Melchior von Diepenbrock

Portrait of Melchior von Diepenbrock, c. 1850.


Melchior von Diepenbrock

The texts in Flämisches Stillleben were selected and translated into German by Melchior von Diepenbrock (1798-1853). When Flämisches Stillleben was first published in the spring of 1845, Von Diepenbrock had just been elected Prince-Bishop of Breslau (Wrocław). Von Diepenbrock was born in Bocholt, a city in Westphalia close to the Dutch border. Having attended the military academy, he volunteered in the campaign against Napoleon in 1815, but soon grew dissatisfied with the military. Through the Romantic writer Clemens Brentano (1778-1842), he became acquainted with the theologian Johann Michael Sailer (1751-1832) and the mystic Anna Katharina Emmerick (1774-1824), who inspired him to study theology. When Sailer was appointed Bishop of Ratisbon (Regensburg) in 1823, Von Diepenbrock followed him to Regensburg and was ordained priest there.

In addition to his activities as a priest, Von Diepenbrock translated the play La vida es sueño by Pedro Calderón de la Barca (1600-1681) and poems by Lope de Vega (1562-1635) and others from Spanish. He published these poems together with poems by himself and other German-language authors in the anthology Geistlicher Blumenstrauß aus spanischen und deutschen Dichtergärten (Sulzbach, 1829). Furthermore, as a specialist in medieval mysticism, in 1829 he published a study on the fourteenth-century mystic Heinrich Seuse (Heinrich Susos, genannt Amandus, Leben und Schriften, Regensburg). Collections of his sermons and letters have also been published during his lifetime.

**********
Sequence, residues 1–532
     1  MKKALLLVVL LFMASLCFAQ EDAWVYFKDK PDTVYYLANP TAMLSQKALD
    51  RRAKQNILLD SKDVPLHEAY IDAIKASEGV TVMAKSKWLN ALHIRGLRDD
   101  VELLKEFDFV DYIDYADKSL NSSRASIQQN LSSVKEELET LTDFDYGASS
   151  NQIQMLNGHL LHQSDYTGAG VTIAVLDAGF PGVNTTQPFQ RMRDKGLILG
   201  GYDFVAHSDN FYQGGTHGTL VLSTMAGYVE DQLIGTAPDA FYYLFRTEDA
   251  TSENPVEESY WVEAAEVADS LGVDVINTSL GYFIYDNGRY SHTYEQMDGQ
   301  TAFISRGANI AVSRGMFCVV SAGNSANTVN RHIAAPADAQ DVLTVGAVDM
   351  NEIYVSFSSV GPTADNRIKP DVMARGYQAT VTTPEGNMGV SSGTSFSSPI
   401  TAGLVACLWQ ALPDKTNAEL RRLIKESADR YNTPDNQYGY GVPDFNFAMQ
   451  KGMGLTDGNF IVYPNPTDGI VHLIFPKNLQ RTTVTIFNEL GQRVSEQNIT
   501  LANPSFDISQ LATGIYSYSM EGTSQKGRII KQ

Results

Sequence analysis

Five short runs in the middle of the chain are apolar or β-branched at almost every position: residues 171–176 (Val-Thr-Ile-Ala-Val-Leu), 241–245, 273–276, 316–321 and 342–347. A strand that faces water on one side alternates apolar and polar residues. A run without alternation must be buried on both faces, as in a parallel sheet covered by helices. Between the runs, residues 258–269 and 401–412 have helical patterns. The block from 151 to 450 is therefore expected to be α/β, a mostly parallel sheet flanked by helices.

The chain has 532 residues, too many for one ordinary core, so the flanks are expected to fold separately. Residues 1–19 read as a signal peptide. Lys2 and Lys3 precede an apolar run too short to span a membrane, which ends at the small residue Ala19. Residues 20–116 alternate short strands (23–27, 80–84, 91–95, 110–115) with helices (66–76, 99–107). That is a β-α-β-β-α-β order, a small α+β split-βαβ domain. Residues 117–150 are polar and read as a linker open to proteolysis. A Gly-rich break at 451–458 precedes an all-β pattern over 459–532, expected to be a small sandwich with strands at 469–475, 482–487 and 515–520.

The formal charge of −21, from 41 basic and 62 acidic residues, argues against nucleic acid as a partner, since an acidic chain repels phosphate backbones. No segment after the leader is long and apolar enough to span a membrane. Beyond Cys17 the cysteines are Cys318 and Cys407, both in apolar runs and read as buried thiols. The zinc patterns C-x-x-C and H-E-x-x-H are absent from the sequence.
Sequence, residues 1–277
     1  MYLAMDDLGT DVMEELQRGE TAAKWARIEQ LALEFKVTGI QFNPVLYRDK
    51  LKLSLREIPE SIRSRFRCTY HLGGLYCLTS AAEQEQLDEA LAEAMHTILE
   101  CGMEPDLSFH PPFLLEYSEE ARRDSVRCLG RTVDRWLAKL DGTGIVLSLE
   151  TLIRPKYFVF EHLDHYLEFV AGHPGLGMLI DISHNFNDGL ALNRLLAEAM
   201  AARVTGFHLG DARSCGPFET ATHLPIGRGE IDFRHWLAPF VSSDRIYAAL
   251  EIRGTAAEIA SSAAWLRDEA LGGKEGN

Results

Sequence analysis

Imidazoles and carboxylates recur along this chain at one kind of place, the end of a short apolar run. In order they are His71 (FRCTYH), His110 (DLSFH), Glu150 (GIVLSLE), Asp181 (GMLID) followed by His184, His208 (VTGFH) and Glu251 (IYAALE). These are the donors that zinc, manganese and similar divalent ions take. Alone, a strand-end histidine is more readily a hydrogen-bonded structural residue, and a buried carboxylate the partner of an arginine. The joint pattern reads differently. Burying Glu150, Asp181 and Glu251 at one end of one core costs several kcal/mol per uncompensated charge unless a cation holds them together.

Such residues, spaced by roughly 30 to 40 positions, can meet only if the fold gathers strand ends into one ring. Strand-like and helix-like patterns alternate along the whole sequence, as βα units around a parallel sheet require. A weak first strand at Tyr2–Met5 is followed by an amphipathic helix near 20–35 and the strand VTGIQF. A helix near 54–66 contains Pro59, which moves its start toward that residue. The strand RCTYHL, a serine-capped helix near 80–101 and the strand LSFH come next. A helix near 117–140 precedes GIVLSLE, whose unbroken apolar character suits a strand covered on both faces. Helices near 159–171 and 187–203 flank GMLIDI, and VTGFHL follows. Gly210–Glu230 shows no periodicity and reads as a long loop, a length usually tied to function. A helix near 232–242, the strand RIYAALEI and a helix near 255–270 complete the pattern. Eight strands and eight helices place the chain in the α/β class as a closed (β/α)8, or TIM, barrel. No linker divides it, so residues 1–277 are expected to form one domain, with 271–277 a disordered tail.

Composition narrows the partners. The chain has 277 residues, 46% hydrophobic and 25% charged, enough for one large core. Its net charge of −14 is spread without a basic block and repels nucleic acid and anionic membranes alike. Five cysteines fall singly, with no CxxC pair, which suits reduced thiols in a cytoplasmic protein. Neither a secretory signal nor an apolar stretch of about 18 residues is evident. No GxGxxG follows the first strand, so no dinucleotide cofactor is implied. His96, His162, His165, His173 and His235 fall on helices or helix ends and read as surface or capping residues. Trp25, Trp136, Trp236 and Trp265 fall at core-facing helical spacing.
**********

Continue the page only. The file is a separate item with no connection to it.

During Von Diepenbrock’s reign as Bishop of Breslau (from 1845 to his death in 1853), the impoverished region of Silesia was struck by disease, famine, and unemployment. Von Diepenbrock dealt with these social issues by building up charitable organizations, orphanages and hospitals. The statement on the front page of Flämisches Stillleben that the proceeds of the publication (of which especially Was eine Mutter leiden kann and Wie man Maler wird address themes of hunger and poverty) were to go to the poor, illustrates this commitment.

Von Diepenbrock has not translated any other texts by Hendrik Conscience, but his introduction of Conscience’s works to a catholic audience is considered an important factor for Conscience’s success in the German-language area and beyond (Van Uffelen 56–57). Conscience himself was fully aware of the impact Von Diepenbrock had on his literary career, and he expressed his gratitude in one of his letters to Von Diepenbrock: “Votre bonté m’a acquis une place exceptionelle dans la littérature de mon pays” (Conscience 403).

Select Bibliography

Conscience, Hendrik. Brieven aan Melchior, baron van Diepenbrock, prinsbisschop van Breslau. Edited by A Nowack, Vanderpoorten, 1933.

Stasiewski, Bernhard. “Melchior von Diepenbrock.” Die Bischöfe der deutschsprachigen Länder 1785/1803 bis 1945. Ein biographisches Lexikon., edited by Erwin Gatz, Duncker & Humblot, 1983, pp. 126–30.

Van Uffelen, Herbert. Moderne niederländische Literatur im deutschen Sprachraum 1830-1990. Zentrum für Niederlande-Studien, 1993.